December 4, 2021

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Remarkable business & finance

Does Delta Air Lines (NYSE:DAL) Have A Healthy Balance Sheet?

David Iben put it well when he said, ‘Volatility is not a risk we care about. What we care about is avoiding the permanent loss of capital.’ It’s only natural to consider a company’s balance sheet when you examine how risky it is, since debt is often involved when a business collapses. We can see that Delta Air Lines, Inc. (NYSE:DAL) does use debt in its business. But the real question is whether this debt is making the company risky.

Why Does Debt Bring Risk?

Debt and other liabilities become risky for a business when it cannot easily fulfill those obligations, either with free cash flow or by raising capital at an attractive price. In the worst case scenario, a company can go bankrupt if it cannot pay its creditors. However, a more frequent (but still costly) occurrence is where a company must issue shares at bargain-basement prices, permanently diluting shareholders, just to shore up its balance sheet. Of course, plenty of companies use debt to fund growth, without any negative consequences. The first step when considering a company’s debt levels is to consider its cash and debt together.

How Much Debt Does Delta Air Lines Carry?

You can click the graphic below for the historical numbers, but it shows that as of June 2021 Delta Air Lines had US$28.4b of debt, an increase on US$24.3b, over one year. However, it does have US$15.2b in cash offsetting this, leading to net debt of about US$13.1b.

NYSE:DAL Debt to Equity History September 13th 2021

How Strong Is Delta Air Lines’ Balance Sheet?

Zooming in on the latest balance sheet data, we can see that Delta Air Lines had liabilities of US$23.6b due within 12 months and liabilities of US$50.5b due beyond that. On the other hand, it had cash of US$15.2b and US$2.26b worth of receivables due within a year. So it has liabilities totalling US$56.5b more than its cash and near-term receivables, combined.

The deficiency here weighs heavily on the US$25.1b company itself, as if a child were struggling under the weight of an enormous back-pack full of books, his sports gear, and a trumpet. So we definitely think shareholders need to watch this one closely. At the end of the day, Delta Air Lines would probably need a major re-capitalization if its creditors were to demand repayment. When analysing debt levels, the balance sheet is the obvious place to start. But ultimately the future profitability of the business will decide if Delta Air Lines can strengthen its balance sheet over time. So if you’re focused on the future you can check out this free report showing analyst profit forecasts.

Over 12 months, Delta Air Lines made a loss at the EBIT level, and saw its revenue drop to US$18b, which is a fall of 46%. That makes us nervous, to say the least.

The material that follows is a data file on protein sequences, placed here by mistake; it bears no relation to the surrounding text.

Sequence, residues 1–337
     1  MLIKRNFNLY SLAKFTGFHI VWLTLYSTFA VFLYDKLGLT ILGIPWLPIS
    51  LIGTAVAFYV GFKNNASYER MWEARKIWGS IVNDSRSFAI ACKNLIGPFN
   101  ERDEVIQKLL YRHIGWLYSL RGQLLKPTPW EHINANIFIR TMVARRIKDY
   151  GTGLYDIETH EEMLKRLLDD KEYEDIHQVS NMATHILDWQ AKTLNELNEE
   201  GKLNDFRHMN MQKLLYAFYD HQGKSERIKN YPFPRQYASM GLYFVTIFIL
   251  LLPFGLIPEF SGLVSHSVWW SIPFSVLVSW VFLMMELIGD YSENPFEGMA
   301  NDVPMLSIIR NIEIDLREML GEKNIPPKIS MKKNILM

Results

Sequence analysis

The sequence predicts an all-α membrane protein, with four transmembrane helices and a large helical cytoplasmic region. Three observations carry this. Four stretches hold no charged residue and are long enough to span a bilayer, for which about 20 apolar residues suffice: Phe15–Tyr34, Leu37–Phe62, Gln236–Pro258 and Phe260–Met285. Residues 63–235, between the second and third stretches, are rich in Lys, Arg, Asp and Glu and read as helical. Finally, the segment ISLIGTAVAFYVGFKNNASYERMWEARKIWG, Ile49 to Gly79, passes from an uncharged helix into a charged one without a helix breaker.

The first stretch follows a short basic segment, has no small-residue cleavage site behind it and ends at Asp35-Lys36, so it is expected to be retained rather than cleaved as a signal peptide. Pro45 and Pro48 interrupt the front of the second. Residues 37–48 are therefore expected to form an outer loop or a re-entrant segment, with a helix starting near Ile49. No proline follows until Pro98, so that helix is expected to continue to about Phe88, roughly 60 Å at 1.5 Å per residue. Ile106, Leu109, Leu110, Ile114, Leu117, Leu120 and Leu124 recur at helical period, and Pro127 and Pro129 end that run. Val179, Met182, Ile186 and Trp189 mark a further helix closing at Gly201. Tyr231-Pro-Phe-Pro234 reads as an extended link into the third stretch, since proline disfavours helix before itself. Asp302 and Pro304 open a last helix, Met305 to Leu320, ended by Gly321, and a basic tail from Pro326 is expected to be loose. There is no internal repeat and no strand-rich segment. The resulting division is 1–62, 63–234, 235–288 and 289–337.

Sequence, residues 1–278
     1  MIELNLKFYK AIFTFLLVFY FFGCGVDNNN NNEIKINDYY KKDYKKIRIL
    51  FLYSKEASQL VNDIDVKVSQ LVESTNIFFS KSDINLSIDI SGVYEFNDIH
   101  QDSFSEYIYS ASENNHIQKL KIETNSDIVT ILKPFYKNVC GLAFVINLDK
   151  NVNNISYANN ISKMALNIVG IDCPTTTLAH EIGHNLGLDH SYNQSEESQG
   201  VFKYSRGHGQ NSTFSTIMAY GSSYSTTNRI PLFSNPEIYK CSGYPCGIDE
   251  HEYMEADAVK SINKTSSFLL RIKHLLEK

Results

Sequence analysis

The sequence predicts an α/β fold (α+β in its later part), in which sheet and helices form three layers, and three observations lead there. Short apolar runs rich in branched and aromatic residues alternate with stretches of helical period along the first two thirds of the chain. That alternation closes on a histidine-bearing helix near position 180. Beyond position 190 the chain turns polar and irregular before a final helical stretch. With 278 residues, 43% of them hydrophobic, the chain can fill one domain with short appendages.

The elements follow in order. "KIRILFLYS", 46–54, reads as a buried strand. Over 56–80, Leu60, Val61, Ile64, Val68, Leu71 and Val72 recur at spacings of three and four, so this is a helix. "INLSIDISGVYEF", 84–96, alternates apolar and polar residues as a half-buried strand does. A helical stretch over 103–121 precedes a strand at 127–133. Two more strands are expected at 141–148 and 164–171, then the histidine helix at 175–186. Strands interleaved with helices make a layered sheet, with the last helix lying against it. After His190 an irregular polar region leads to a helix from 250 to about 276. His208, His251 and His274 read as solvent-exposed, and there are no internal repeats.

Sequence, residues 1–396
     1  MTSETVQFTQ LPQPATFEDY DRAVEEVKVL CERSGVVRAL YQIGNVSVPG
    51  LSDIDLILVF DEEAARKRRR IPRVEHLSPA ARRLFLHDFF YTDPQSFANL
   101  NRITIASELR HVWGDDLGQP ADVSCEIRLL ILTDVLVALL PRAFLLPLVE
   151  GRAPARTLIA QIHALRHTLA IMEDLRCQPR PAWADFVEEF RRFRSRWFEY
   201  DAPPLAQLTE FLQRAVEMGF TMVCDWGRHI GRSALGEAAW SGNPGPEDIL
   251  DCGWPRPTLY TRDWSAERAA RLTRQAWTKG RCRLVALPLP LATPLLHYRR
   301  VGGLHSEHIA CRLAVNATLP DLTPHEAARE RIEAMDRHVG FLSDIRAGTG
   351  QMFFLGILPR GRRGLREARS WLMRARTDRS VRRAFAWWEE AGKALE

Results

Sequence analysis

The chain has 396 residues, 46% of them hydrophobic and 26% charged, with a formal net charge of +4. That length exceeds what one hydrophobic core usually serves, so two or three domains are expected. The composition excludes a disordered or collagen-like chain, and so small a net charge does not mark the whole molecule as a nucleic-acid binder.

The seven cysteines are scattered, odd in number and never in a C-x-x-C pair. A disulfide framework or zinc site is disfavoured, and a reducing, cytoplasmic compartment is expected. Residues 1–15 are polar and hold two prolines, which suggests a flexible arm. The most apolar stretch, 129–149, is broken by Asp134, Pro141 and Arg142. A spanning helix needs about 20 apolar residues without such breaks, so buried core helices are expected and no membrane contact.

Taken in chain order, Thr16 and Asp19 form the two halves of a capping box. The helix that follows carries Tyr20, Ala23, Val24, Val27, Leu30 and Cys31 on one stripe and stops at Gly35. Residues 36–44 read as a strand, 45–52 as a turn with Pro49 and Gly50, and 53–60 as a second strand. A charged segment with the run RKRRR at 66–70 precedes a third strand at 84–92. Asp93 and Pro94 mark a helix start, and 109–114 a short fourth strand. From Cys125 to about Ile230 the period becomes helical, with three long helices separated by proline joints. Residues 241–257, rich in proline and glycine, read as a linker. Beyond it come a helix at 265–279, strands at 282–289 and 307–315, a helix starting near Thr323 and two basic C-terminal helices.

Caveat Emptor

Not only did Delta Air Lines’s revenue slip over the last twelve months, but it also produced negative earnings before interest and tax (EBIT). Indeed, it lost a very considerable US$8.4b at the EBIT level. When we look at that alongside the significant liabilities, we’re not particularly confident about the company. It would need to improve its operations quickly for us to be interested in it. Not least because it had negative free cash flow of US$3.2b over the last twelve months. That means it’s on the risky side of things. The balance sheet is clearly the area to focus on when you are analysing debt. But ultimately, every company can contain risks that exist outside of the balance sheet. For example – Delta Air Lines has 1 warning sign we think you should be aware of.

Of course, if you’re the type of investor who prefers buying stocks without the burden of debt, then don’t hesitate to discover our exclusive list of net cash growth stocks, today.

This article by Simply Wall St is general in nature. We provide commentary based on historical data and analyst forecasts only using an unbiased methodology and our articles are not intended to be financial advice. It does not constitute a recommendation to buy or sell any stock, and does not take account of your objectives, or your financial situation. We aim to bring you long-term focused analysis driven by fundamental data. Note that our analysis may not factor in the latest price-sensitive company announcements or qualitative material. Simply Wall St has no position in any stocks mentioned.

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The views and opinions expressed herein are the views and opinions of the author and do not necessarily reflect those of Nasdaq, Inc.

https://www.nasdaq.com/articles/does-delta-air-lines-nyse%3Adal-have-a-healthy-balance-sheet-2021-09-13